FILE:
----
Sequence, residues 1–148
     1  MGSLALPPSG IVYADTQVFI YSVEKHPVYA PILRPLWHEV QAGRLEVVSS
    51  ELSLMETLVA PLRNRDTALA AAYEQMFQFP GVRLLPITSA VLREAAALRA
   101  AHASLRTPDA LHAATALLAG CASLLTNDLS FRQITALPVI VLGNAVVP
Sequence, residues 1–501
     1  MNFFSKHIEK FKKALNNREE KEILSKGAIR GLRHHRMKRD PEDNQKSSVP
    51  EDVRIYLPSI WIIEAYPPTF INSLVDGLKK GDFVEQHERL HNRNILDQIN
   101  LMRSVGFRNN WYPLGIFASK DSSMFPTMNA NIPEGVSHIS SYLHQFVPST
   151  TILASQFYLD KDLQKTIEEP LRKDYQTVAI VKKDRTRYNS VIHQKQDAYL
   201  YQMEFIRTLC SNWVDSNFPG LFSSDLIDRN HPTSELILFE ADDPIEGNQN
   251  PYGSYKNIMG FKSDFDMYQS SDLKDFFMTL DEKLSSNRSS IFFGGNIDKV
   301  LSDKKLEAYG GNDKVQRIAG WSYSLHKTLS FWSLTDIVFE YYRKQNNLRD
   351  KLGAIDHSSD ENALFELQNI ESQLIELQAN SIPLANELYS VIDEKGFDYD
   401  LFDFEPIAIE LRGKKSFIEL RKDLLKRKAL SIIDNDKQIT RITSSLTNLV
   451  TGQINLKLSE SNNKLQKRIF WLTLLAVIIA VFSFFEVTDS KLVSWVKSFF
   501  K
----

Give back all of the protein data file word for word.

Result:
Sequence, residues 1–148
     1  MGSLALPPSG IVYADTQVFI YSVEKHPVYA PILRPLWHEV QAGRLEVVSS
    51  ELSLMETLVA PLRNRDTALA AAYEQMFQFP GVRLLPITSA VLREAAALRA
   101  AHASLRTPDA LHAATALLAG CASLLTNDLS FRQITALPVI VLGNAVVP
Sequence, residues 1–501
     1  MNFFSKHIEK FKKALNNREE KEILSKGAIR GLRHHRMKRD PEDNQKSSVP
    51  EDVRIYLPSI WIIEAYPPTF INSLVDGLKK GDFVEQHERL HNRNILDQIN
   101  LMRSVGFRNN WYPLGIFASK DSSMFPTMNA NIPEGVSHIS SYLHQFVPST
   151  TILASQFYLD KDLQKTIEEP LRKDYQTVAI VKKDRTRYNS VIHQKQDAYL
   201  YQMEFIRTLC SNWVDSNFPG LFSSDLIDRN HPTSELILFE ADDPIEGNQN
   251  PYGSYKNIMG FKSDFDMYQS SDLKDFFMTL DEKLSSNRSS IFFGGNIDKV
   301  LSDKKLEAYG GNDKVQRIAG WSYSLHKTLS FWSLTDIVFE YYRKQNNLRD
   351  KLGAIDHSSD ENALFELQNI ESQLIELQAN SIPLANELYS VIDEKGFDYD
   401  LFDFEPIAIE LRGKKSFIEL RKDLLKRKAL SIIDNDKQIT RITSSLTNLV
   451  TGQINLKLSE SNNKLQKRIF WLTLLAVIIA VFSFFEVTDS KLVSWVKSFF
   501  K